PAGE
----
Taliban seize major Afghan city, one of three provincial capitals to fall Sunday
KABUL, Afghanistan — The Taliban overran three provincial capitals in Afghanistan on Sunday, including the strategic northern city of Kunduz, officials said. They are the latest in a string of battlefield wins by the insurgents, who have stepped up attacks as American troops withdraw from the country.
Kunduz — a key commercial hub with a population of more than 350,000 people and capital of a province with the same name — is the biggest city to fall to the Taliban since the withdrawal of international forces began in May.
The Taliban released inmates from the local prison after entering the city, while offices of the provincial governor and police chief were evacuated, Maj. Abdul Hadi, a spokesman for the Afghan military in Kunduz, told Stars and Stripes.
Heavy fighting between Taliban fighters and Afghan security forces continued throughout the day, according to witnesses.
"The problem is that the enemy is hiding in people's houses and it is hard to target them, because of civilians,” Hadi said.
All government facilities but the city’s airport and main army barracks had fallen to the Taliban as of Sunday afternoon, provincial council member Abdul Ahad Torial Kakar said in a telephone interview. But fighting around the airport was ongoing, Kakar said.
The Taliban seized Kunduz for about two weeks in 2015, but eventually withdrew after the U.S. began airstrikes. The insurgents entered the city center for a brief period a year later before being driven out again.
The Taliban on Sunday also seized the capital of neighboring Takhar province, Taleqan, after heavy fighting in several areas, local officials said.
“No government forces are left in Taleqan, which fell late in the afternoon,” provincial council member Mir Ahmad Qasim said.
And Sar-e-Pul, the capital of another northern province with the same name, was a third provincial capital to fall to the Taliban the same day.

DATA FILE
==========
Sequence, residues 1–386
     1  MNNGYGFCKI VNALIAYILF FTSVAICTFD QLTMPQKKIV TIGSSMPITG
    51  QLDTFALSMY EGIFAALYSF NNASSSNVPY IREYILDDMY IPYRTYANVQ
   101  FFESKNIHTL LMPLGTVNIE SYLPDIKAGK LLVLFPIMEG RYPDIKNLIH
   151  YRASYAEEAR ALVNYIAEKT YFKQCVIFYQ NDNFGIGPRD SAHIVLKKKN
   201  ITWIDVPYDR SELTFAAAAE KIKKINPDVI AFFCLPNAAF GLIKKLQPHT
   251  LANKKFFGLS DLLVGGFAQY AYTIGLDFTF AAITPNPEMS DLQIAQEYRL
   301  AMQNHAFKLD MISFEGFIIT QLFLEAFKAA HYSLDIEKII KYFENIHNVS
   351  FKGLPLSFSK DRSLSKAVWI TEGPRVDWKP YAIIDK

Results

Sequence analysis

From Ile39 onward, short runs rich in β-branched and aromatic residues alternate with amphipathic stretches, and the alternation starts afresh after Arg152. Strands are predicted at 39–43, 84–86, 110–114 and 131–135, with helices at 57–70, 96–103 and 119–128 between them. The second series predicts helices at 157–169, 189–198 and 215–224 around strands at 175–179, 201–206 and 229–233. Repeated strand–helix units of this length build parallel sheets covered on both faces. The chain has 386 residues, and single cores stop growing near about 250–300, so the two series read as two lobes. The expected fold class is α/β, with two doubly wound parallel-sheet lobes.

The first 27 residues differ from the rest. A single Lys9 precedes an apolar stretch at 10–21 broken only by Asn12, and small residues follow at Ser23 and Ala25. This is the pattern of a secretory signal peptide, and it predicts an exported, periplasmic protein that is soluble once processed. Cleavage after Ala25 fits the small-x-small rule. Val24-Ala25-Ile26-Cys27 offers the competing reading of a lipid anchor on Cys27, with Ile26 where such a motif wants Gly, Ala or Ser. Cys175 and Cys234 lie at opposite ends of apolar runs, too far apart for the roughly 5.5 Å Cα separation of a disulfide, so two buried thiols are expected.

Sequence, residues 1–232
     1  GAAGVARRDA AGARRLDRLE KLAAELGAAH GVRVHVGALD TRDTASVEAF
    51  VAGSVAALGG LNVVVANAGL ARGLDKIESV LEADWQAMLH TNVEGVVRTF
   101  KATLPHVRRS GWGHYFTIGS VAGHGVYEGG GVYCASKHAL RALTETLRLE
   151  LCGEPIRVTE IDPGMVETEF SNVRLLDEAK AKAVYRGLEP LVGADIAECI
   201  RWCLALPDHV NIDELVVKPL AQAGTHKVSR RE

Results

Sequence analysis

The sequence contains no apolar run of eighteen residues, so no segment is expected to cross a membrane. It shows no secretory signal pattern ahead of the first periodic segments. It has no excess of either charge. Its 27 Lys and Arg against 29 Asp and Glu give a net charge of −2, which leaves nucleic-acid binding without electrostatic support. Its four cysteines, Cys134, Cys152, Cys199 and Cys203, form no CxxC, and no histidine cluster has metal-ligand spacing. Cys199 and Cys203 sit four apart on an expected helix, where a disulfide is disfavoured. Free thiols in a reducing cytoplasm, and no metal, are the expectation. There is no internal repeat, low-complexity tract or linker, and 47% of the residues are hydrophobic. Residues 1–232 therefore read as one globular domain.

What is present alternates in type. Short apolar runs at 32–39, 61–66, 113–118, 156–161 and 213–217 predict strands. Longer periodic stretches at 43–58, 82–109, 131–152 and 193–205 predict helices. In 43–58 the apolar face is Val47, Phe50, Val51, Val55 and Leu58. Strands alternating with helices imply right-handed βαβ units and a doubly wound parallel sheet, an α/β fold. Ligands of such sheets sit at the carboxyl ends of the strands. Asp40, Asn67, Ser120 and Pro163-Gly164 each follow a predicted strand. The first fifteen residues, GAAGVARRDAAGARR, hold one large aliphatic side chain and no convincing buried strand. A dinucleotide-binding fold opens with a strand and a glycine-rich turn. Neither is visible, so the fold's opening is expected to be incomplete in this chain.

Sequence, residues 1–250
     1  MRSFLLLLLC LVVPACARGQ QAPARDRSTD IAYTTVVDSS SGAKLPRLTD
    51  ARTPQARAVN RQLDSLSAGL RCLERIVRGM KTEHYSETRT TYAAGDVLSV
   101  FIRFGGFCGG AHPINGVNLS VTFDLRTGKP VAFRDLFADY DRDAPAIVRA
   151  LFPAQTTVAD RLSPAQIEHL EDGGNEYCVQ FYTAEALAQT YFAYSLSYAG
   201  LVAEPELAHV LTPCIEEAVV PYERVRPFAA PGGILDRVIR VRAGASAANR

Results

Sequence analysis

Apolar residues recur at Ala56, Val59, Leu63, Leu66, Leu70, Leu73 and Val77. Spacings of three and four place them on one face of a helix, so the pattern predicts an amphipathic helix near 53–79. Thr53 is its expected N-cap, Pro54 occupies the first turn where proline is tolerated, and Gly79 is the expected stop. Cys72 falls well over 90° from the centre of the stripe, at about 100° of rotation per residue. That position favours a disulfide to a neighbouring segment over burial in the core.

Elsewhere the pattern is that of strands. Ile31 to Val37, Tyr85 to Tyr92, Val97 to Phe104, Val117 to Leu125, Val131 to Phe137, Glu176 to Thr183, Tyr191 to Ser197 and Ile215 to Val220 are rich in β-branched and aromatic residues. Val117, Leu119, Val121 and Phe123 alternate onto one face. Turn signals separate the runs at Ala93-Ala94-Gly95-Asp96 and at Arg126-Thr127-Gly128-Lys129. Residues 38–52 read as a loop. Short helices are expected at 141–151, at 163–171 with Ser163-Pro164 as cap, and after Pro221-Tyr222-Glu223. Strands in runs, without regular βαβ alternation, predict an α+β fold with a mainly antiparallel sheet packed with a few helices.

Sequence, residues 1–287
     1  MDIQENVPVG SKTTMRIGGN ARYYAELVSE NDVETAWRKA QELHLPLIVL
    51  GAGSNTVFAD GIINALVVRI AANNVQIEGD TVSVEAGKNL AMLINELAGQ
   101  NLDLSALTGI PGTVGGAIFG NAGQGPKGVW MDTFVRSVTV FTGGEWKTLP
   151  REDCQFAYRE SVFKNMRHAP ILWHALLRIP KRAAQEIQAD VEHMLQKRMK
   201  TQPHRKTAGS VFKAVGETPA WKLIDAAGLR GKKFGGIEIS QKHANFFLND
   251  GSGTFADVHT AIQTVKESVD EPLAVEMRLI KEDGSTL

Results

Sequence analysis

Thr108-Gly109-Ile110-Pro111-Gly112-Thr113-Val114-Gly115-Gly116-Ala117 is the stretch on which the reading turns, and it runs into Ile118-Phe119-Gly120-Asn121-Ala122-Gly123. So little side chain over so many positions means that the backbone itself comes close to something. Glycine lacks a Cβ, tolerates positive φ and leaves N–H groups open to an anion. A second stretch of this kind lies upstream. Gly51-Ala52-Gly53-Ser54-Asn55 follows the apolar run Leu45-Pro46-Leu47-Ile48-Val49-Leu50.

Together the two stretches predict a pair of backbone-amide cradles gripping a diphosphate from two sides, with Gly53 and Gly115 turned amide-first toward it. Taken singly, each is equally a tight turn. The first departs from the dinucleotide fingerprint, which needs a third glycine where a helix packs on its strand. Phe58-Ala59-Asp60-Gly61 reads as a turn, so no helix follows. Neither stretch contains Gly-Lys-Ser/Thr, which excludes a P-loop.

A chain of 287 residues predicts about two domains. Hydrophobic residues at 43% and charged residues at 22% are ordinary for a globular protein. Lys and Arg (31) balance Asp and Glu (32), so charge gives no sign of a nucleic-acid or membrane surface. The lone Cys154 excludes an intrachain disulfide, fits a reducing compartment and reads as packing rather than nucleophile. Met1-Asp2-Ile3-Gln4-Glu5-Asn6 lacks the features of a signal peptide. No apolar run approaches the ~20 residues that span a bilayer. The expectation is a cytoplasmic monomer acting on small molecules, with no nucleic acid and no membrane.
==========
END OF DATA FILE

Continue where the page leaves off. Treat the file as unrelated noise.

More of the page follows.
After Taliban fighters seized control in the morning, they set fire to government buildings, Masooma Shadab, a former lawmaker from the province, told Stars and Stripes.
"Many residents have been killed in the city, but no one can go and retrieve the dead bodies from the streets because everyone is afraid of the Taliban,” Shadab said in a telephone interview.
Maulavi Noor Mohammad Baig, a provincial council member in Sar-e-Pul, also confirmed the fall of the province, and called on Kabul to send in reinforcements.
"The situation is very bad, the central government must send quick support," Baig said.
The fall of the three provincial capitals came a day after the Taliban overtook Sheberghan, the capital of northern Jawzjan province. And on Friday, Taliban fighters seized Zaranj in western Nimroz province, the first provincial capital to fall to the insurgents since U.S. and international forces began withdrawing from Afghanistan.
Afghanistan’s Interior Ministry has attempted to play down the Taliban advances, saying Afghan forces continue to fight to regain full control of the provincial capitals.
The fighting comes after the bulk of U.S. and foreign troops have already been pulled out of the country. Those remaining are set to leave by Aug. 31.
The U.S. military continues to conduct airstrikes against the Taliban to support Afghan forces in the waning days of the war. But it’s not clear if these strikes will continue once the drawdown is complete. Military officials have previously said future “over-the-horizon” support will target terrorist groups like al-Qaida and Islamic State, but not necessarily the Taliban.
While the Taliban have seized control of large swaths of rural territory since their latest offensive began in May, they have largely avoided urban areas until recently. Fighting in cities like Herat and Lashkar Gah — the capital of Helmand province — is ongoing.
On Saturday, the United Nations’ special envoy for Afghanistan asked the U.N. Security Council to issue a declaration calling for an end to attacks on Afghan cities.
Afghanistan is at a “dangerous turning point” as the U.S. is about to depart, and a shift to urban fighting would likely result in “massive casualties” and damage to infrastructure, Deborah Lyons said in a statement.
"This is a different kind of war, reminiscent of Syria recently or Sarajevo in the not-so-distant past," Lyons said.